Maile’s video has been around a while but rarely been surpassed for key ingredients, including good business sense. A campaign to promote your website often needs to be part of wider business promotion.
In this page, we primarily consider the direct options for website marketing, PPC (pay per click) and SEO (search engine optimisation). We do not manage campaigns but do review a substantial number, to judge effectiveness.
The choices we analyse boil down to a fairly certain and instant paid listing, through ads above, or below a page of search results, or the less concrete option of trying to feature in those results.
On the surface, the former is attractive and campaign spend backs this up, currently 7:1 in favour of PPC. Conversely, around 90% of clicks in search are not on paid entries but on the free listings, called organic results.
Tempting to think those responsible for web marketing campaigns have lost the plot but there are logical reasons. Pay per click (PPC) can be profitable, neither are comparisons simple but still interesting.
Ease of Use
PPC is an out of the box solution and appears easy to implement. This factor is one of the attractions but does not hold up to inspection.
An average PC user can log into Google and have an AdWords campaign running quickly but often ineffectively. Adwords campaigns needs skill and experience, not least in cost management.
SEO on the other hand looks complex, secretive, which is not the case. Success requires knowledge, to ensure technical needs and a sound approach are in place but many elements do not. A well written article on your company website is SEO.
PPC campaign tracking can be straightforward, keyword by keyword but that is equally a limitation. SEO appears harder to quantify and is but often because the right factors are not studied.
A high emphasis tends to be placed on ranking and traffic, rather than granular user data. This can be as helpful as keyword tracking and used well, show you how to hone your website.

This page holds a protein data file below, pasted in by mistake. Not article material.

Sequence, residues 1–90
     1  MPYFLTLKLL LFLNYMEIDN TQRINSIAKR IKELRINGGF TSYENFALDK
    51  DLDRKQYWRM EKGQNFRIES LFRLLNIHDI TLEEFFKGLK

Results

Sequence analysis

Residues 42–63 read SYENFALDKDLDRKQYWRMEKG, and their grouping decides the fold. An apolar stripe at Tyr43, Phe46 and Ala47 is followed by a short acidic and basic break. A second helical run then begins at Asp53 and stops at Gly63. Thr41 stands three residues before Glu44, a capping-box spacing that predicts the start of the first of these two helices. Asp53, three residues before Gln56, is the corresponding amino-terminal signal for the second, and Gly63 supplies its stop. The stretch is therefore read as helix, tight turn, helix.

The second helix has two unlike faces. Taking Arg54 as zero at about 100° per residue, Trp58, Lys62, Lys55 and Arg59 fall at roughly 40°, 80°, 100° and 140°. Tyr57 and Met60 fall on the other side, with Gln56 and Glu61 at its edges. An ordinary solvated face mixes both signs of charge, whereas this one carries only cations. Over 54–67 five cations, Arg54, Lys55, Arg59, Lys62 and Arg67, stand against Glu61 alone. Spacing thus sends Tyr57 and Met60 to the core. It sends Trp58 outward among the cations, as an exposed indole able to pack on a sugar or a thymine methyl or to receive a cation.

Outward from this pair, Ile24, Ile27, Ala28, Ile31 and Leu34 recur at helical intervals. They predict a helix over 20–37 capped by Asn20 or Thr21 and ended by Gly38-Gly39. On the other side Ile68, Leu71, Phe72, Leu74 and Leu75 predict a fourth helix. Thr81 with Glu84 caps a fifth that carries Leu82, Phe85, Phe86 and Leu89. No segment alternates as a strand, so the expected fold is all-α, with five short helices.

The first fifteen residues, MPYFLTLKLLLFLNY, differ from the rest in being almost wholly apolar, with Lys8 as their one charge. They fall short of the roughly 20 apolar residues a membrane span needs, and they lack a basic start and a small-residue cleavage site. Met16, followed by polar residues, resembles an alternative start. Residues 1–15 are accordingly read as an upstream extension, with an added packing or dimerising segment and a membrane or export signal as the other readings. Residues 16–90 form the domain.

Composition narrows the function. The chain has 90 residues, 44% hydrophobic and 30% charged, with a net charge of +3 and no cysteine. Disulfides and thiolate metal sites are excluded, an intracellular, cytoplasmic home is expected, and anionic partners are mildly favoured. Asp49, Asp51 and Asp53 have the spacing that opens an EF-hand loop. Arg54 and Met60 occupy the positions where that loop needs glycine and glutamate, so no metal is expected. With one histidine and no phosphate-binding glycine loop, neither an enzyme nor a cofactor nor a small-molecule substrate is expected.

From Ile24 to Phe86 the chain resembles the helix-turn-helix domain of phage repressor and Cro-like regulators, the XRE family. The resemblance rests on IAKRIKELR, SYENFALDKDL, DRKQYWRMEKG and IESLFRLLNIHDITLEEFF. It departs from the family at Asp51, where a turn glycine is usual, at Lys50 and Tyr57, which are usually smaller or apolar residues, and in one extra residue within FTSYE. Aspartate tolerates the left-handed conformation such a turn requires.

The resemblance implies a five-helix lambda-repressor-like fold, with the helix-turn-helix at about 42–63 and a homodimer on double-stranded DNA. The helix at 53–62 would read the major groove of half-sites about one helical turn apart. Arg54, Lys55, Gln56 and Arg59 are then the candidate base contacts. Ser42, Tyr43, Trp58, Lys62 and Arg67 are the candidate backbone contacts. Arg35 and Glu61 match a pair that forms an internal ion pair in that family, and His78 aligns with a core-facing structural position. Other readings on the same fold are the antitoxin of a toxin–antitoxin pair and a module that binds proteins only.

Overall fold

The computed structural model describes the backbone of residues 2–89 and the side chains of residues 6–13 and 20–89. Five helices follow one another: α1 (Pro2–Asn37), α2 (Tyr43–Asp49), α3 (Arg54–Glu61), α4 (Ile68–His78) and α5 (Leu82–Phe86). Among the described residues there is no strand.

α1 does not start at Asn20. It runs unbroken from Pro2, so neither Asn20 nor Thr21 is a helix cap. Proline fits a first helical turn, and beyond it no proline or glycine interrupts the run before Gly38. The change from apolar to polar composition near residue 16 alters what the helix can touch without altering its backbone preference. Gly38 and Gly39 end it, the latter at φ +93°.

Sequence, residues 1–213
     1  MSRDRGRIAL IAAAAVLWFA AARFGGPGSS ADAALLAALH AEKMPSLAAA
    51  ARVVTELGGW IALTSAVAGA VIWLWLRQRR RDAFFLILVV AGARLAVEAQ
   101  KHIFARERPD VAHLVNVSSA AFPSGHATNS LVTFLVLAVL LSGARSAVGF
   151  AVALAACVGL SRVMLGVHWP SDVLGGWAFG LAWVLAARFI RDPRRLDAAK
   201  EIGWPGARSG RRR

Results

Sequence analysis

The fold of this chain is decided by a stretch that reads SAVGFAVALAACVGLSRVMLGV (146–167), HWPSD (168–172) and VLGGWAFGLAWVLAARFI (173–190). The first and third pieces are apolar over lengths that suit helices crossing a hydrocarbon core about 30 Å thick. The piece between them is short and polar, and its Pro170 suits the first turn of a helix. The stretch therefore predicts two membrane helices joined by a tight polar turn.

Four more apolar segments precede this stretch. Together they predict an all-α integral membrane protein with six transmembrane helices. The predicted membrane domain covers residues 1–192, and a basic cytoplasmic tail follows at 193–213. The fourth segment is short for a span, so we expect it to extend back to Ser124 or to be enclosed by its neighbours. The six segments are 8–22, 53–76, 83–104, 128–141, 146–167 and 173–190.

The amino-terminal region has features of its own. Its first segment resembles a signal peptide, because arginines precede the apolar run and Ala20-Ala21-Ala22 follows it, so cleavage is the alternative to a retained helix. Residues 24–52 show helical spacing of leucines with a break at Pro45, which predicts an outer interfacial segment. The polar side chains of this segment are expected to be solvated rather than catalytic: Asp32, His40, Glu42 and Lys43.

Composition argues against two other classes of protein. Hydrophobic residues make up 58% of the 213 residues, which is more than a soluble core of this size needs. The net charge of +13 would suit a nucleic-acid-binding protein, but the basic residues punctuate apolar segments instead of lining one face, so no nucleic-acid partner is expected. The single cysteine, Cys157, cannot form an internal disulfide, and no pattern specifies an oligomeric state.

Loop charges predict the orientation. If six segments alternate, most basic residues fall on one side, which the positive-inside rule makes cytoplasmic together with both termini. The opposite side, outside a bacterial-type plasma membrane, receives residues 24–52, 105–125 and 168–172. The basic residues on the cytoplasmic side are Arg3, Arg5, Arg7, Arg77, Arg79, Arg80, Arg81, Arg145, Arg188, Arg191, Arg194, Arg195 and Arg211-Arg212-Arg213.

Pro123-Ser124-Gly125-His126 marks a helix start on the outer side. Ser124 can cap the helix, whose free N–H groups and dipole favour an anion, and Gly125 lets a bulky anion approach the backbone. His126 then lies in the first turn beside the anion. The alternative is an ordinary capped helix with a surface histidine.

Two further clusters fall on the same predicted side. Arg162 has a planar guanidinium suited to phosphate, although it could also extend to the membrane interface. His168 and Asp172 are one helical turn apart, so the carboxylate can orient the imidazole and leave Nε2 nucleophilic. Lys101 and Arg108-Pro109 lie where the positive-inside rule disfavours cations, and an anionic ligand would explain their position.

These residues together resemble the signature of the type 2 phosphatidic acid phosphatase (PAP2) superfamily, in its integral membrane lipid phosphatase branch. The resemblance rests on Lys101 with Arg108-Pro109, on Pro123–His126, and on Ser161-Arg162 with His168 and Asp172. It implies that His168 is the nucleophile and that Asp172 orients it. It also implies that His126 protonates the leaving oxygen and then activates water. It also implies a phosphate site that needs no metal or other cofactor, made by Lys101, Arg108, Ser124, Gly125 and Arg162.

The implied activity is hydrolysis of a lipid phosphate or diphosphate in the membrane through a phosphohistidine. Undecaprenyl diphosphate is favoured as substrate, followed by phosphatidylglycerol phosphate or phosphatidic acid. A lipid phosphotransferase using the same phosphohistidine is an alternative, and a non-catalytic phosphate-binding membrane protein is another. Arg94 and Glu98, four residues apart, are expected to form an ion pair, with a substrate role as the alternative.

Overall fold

Tracking web campaigns is vital to check return on investment and find improvement, although an issue which can arise is figures being collated for justification.
A belief that PPC campaigns are uniquely able to justify cost, or decision making is misleading. Data may not be as clear cut but organic optimisation can be monitored, neither does this cost beyond time.
Short v Long Term
Wanting to justify decisions can be heightened by a need for immediate justification. Understandable for short term projects, often a good use for PPC.
The same might apply if a business is in a difficult situation, in need of cashflow. This can however be self sustaining, if you always look to the short term, the long term will never come to fruition.
PPC is largely a spend and go marketing campaign, whereas investing in organic search invests in a business. The only caveat is that organic success is not maintained by standing still.
As in the video, keeping up to date on technical search changes matters. Websites also need to be efficient and updated with fresh content, although the same applies to PPC, you still need a good website.
The Certainty Principle
In one sense, this is PPC’s strongest point. As long as the bills are met and your website is reasonably legitimate, you are going to be visible.
The downside is that bills can get out of hand and providing they are generating profit of some form, may seem hard to curtail. At times with very tight margins, even without a genuine profit.
The element of certainty is still a factor, against less certain organic search. Nobody can guarantee organic results and you shouldn’t deal with them if they do.
Even so, many websites which try to fulfil reasonable goals are likely to achieve them. This requires patience, application of new skills and hard work but successful businesses need those anyway.
A Campaign for Your Business
Each business is unique and requirements should be assessed individually, part of the reports we prepare. Despite a few downsides, pay per click should not be ruled out as an option for marketing your website.
This is often viable for short term products, launches, niches beyond core business which don’t warrant competing in search, or market testing. In the long term, defined effort to promote a website makes sense for most businesses.
An organic approach is not as easy as PPC, even skillfully run that is less demanding. Competing in search requires the mindset to do so and good implementation but does invest in your business, rather than a search engine’s coffers.
In time, this should reduce marketing cost. PPC claims a higher conversion rate but this largely arises from accurate targeting, which can be achieved organically. An improvement which will also leave a lasting impression on visitors.
The trust visitors can find in a good website should not be underestimated, people need to be taken into account alongside and often before search engines. We try to ensure you receive the right support on both.
By all means read more on our approach to analysing search performance, or contact us for advice at any time.